Albums: New music from Tones and I, Willow, David Crosby and Emma-Jean Thackray
TONES AND I – WELCOME TO MAISON DE FOU
TONI Watson was a busker in Byron Bay, Australia before her song Dance Monkey hit number one in 30 countries.
The synth-pop banger was notable for its weirdness and suggested that Watson had more in common with the eccentric Israeli Eurovision winner Netta than with Lily Allen or Sia. But there’s little of that on Watson’s debut album, Welcome To The Madhouse.
Songs like Don’t Sleep and Not Going Home are pop out of the box, despite tackling important issues like mental health and online abuse, and the unique, loud, energetic howl of Watson isn’t enough to lift uninspired cups like Dark Waters.
Despite this, she can still have the final say. “There’s no place for you in music, that’s all I hear,” she sings in Westside Lobby. “But my song went number one in over 30 f ****** countries / And I’m sorry if that offends you, my dear.”
WILLOW – LASTLY I FEEL ALL
WILLOW is back and brings the 90s with her on her new album Laately I Feel Everything.
The daughter of Will Smith, 20, evolved from her R&B and pop roots and turned to a pop-punk sound reminiscent of My Chemical Romance, Blink-182 and Paramore, which she notes are inspirations.
Already acclaimed opening track Transparent Soul, starring Blink-182 drummer Travis Barker, sets the tone for Willow’s new era. But it doesn’t eclipse the powerful and balanced harmonies of Come Home or the brooding rap of Xtra.
After 11 tracks, the sonic palette might wear down a bit if it weren’t for Willow’s energy and raw talent.
Avril Lavigne, the album’s most obvious influence, / 5 on the powerful duo Grow, a caring hymn that could easily make the soundtrack to a mid-2000s teen drama.
“I just need to grow up,” Willow sings and it really feels like she’s made a name for herself with her latest album.
DAVID CROSBY – FREE
THE King of Soft Rock continues a creative streak that began with Croz in 2014, his fifth solo record since the end of a 20-year hiatus since recording.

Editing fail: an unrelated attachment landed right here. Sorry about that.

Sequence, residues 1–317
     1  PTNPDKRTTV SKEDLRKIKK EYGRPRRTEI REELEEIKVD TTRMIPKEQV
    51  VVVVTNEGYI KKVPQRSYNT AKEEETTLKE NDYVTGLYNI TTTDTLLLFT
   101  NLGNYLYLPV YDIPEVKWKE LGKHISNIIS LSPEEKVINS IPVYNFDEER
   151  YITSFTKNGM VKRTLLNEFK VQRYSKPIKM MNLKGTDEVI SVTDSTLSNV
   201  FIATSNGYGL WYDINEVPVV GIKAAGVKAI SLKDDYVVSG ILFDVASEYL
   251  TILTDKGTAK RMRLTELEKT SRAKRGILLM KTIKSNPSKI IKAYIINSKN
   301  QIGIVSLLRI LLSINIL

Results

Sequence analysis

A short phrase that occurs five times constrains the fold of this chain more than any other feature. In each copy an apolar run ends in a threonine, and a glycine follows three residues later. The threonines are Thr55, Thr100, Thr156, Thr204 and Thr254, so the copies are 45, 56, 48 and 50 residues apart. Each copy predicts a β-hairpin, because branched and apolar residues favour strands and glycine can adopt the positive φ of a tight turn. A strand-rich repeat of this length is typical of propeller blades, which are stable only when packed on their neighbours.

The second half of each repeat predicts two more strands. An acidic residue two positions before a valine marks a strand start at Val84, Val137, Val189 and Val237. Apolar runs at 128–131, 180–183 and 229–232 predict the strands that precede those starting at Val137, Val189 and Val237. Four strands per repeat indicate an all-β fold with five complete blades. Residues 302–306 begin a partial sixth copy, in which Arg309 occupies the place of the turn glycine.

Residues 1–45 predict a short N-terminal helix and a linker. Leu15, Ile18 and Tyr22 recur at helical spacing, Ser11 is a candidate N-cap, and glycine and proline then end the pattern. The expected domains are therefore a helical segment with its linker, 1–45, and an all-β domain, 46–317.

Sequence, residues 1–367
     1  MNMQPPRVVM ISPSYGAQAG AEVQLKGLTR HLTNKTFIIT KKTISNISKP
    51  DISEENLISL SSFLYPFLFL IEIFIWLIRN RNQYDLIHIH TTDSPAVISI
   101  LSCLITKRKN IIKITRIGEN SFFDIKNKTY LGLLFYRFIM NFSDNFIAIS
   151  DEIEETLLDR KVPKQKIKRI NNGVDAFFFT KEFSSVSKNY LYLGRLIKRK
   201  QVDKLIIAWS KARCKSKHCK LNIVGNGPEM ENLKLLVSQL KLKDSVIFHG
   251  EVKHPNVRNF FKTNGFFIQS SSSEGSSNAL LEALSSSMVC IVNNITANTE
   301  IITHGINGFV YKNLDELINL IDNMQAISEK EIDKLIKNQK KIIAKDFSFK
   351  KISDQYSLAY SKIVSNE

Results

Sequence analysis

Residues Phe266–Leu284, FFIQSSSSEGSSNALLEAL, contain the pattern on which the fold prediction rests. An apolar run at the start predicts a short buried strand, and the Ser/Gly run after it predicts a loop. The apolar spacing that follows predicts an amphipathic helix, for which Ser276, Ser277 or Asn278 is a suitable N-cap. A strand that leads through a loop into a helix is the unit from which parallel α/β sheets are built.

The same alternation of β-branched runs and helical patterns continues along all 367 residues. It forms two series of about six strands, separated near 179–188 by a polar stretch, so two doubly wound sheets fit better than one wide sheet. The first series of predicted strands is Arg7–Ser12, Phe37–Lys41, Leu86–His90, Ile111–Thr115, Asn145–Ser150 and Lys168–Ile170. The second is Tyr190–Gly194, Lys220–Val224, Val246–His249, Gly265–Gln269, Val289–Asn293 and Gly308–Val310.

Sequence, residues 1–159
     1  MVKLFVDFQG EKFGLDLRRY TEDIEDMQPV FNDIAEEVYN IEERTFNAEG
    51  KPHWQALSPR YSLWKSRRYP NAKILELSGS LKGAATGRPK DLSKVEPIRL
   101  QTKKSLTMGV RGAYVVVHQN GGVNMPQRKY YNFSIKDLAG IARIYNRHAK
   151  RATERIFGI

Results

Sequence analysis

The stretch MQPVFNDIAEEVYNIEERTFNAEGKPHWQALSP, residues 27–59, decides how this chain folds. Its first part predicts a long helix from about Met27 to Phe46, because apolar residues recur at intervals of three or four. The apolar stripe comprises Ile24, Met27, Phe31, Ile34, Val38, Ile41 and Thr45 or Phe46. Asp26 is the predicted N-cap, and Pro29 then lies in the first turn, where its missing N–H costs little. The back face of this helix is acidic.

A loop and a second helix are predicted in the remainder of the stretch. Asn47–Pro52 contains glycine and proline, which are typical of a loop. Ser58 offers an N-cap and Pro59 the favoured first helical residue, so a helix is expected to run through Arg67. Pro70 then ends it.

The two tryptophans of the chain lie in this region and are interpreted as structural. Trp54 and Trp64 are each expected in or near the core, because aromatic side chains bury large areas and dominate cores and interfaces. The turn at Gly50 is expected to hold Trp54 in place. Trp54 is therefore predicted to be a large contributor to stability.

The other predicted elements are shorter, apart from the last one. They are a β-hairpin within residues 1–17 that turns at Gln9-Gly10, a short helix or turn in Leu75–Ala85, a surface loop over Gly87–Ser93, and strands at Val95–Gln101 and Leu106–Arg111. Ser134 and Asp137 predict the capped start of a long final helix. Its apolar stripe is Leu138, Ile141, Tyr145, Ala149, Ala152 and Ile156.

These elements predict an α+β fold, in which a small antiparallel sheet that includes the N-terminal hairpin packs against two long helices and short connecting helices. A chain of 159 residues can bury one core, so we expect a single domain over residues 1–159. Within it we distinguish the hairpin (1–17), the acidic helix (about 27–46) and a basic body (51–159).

The 80-year-old star calls on Doobie Brothers’ Michael McDonald, Steely Dan’s Donald Fagen and Texan singer-songwriter Sarah Jarosz as he tackles both covers and originals, including Joni Mitchell’s song that gives the album its name.
Rodriguez For A Night, written by Fagen, an archetypal jazz rock odyssey, wouldn’t seem out of place on one of Steely Dan’s early records. The debut albums River Rise and Secret Dancer, meanwhile, capture the wide-eyed harmonies of his folk-rock supergroup Crosby, Stills & Nash.
Crosby’s son James Raymond serves as a producer and gives For Free a brilliant shine that complements the tight and varied writing. He also wrote the last track on the album, I Won’t Stay for Long, a desolate ballad inspired by Marcel Camus’ film Black Orpheus in 1959.
EMMA-JEAN THACKRAY – YELLOW
EMMA-Jean Thackray approached her debut album trying to simulate a “psychedelic life changing experience” where for an hour viewers “see behind the curtain a hidden dimension” in which we are one.
Big ambitions, but if anyone can achieve them, it would be Thackray – a singer, radio host, DJ and record company boss.
Like a Yorkshire-born Sun Ra or Pharoah Sanders, his music combines spiritual elements with psychedelia and contemporary sounds, in this case raw breakbeat and house.
Host of DJ Gilles Peterson’s Worldwide FM, Thackray is part of a growing movement of mainstream jazz revivalists (see Shabaka Hutchings, Ezra Collective and Nubya Garcia).
His love for dystopian sci-fi shines through in tracks like Say Something, the psychedelic house radiator, but it’s not just jazz for geeks.
The shared human experience is the bond that unites Yellow, an exemplary first album of a nascent talent.